More detailed conversations can be held between tutor and student on the same screen as the annotated assignment, using either text-based messaging or short video recordings created with the Rich Content Editor in the sidebar. In short, these communication tools facilitate much richer feedback and engagement around submitted assignments than students typically receive in traditional paper-based assessment.

Virtual classrooms

The coup de grâce for the competition, at least in terms of group work and collaboration, must be the seamless integration Canvas achieves with web conferencing platforms. Adobe Connect, for example, opens up right inside the Canvas interface to enable document and screen sharing, live presentations, and all the other interactive features we’ve come to expect from standalone virtual classroom tools. The fact that students can initiate web conferences between each other just as easily as the tutor can, is a particularly exciting feature for proponents of collaborative group work and student creativity.

Incidentally, if you’re a teacher who fancies launching a MOOC independently, Canvas has got you covered. You can set up an unlimited number of courses on the Canvas Network, a MOOC platform second only to Coursera in terms of user numbers. Plus, thanks to Instructure’s Free-for-Teacher scheme, if your classes are free for your students, they’re free for you to teach.

What’s the catch?

Canvas makes the VLE look effortlessly cool — even fun. It is automatically updated by Instructure every three weeks, with no effort on the part of the customer. It integrates comprehensively with major institutional student record systems, and it works well on most mobile devices. So what’s the catch? Why are we not all clamouring to embed this Instructure innovation into our institutional infrastructures?

Well, apart from the general sector-wide inertia towards change, it seems that some just don’t like its face. Out of the box, the appearance of Canvas seems a little … stark. Without a variety of themes to choose from, it can be hard to imagine how the appearance could be customised by anyone other than a CSS or JavaScript guru. According to Richard, it is possible to change the look and feel, but most customers choose not to. Evidently the standardised, almost Spartan look holds greater aesthetic allure for customers across the pond.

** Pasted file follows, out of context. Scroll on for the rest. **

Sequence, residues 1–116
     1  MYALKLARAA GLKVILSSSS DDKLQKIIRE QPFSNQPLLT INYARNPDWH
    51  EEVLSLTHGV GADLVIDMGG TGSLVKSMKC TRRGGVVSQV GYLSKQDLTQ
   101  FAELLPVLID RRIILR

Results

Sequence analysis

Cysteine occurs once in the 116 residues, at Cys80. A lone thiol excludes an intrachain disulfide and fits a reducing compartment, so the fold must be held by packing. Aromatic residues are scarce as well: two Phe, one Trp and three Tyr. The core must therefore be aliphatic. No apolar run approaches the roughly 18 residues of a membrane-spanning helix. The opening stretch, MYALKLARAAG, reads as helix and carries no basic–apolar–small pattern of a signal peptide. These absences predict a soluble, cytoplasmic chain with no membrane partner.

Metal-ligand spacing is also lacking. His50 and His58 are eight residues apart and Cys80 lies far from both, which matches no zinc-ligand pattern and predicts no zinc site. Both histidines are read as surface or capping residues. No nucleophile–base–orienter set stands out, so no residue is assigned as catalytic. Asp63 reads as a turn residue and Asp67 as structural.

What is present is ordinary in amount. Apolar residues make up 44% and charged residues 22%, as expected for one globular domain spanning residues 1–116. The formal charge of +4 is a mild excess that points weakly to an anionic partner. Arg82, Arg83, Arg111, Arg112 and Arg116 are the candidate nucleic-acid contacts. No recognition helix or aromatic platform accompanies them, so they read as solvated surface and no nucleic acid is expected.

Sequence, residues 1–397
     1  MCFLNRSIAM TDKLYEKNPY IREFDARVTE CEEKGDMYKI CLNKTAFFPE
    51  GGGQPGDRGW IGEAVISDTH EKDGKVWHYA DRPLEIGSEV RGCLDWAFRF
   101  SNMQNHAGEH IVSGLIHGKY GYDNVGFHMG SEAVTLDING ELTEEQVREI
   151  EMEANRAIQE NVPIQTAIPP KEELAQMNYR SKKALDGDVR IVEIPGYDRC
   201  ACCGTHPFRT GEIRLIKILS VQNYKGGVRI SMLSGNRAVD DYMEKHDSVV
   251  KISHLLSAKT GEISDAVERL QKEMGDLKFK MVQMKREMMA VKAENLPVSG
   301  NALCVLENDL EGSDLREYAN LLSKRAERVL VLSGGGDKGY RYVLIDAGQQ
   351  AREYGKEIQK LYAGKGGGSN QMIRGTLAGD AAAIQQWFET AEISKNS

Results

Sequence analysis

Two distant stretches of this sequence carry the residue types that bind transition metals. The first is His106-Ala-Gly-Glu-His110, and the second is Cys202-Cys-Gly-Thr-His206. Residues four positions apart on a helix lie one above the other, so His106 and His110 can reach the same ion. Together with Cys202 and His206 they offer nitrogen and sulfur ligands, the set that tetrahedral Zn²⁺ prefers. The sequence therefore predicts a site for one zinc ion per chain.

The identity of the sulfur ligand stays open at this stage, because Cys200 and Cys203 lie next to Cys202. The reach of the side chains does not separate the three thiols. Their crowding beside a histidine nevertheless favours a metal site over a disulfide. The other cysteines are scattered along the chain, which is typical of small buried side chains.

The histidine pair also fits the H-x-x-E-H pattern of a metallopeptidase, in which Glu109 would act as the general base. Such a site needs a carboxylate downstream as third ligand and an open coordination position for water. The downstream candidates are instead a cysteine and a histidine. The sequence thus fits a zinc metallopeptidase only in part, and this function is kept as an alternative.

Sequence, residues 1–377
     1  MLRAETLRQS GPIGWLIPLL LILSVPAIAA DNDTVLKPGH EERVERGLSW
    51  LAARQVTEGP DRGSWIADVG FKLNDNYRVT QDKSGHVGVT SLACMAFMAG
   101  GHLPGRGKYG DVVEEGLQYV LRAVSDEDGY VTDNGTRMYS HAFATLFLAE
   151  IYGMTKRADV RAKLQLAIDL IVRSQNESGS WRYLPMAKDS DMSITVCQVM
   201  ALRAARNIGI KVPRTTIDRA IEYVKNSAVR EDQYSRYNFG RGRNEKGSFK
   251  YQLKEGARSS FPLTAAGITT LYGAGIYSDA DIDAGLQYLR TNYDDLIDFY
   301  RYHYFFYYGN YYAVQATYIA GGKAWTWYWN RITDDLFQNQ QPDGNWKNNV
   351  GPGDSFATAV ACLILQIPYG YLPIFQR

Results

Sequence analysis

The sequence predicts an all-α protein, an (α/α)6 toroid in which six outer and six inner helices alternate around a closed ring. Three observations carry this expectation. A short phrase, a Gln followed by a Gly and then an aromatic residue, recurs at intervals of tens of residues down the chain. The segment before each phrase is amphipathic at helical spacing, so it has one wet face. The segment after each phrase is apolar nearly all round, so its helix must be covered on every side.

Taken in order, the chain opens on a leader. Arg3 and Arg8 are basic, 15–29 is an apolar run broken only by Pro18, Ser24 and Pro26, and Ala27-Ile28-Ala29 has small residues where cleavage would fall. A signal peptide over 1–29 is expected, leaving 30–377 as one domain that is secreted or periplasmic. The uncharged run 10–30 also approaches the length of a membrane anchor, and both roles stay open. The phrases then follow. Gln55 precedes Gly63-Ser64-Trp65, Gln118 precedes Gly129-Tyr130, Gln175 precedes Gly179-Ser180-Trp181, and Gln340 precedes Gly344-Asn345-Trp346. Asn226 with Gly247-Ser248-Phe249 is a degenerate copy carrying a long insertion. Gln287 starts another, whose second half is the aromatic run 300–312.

Also, many UK higher education institutions require blind or double blind marking of assessments. Recent versions of other platforms like Moodle have started to offer this functionality. Although Instructure has received many requests for blind-marking capabilities, this is not a feature that Canvas currently offers. Richard’s assurances that it is high on their list of priorities may offer hope enough for some to take the plunge.

Overall, Canvas is an impressive cloud-based platform that seems aeons ahead of more familiar VLE choices that struggle to stay relevant in a Web 2.0 educational landscape. It may take a little time for Canvas to gain a major foothold in the UK, but from what Richard shared with us at Greenwich, it seems like a strong possibility.

The University of Birmingham jumped ship from WebCT a year ago to adopt Canvas as its main institutional VLE. Judging from the video above, they don’t seem to have looked back since. It’s early days yet, but so far the platform certainly looks like it could be — to quote the Instructure website — a “breath of fresh air” for online learning.

Since the publication of this article, I have used the fully hosted version of Canvas (Canvas Network) to build and deliver a MOOC in Innovation and Entrepreneurship, for the FLITE consortium (Flexible Learning in Information Technology and Entrepreneurship).

You can access a short review of my experience using Canvas for this purpose here.

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About The Author

Dr. Mark Anderson is an archaeologist, anthropologist, educational developer and teacher. Author of Marothodi: The Historical Archaeology of an African Capital and Digital Learning. Follow Mark on Twitter: @m_anderson_phd.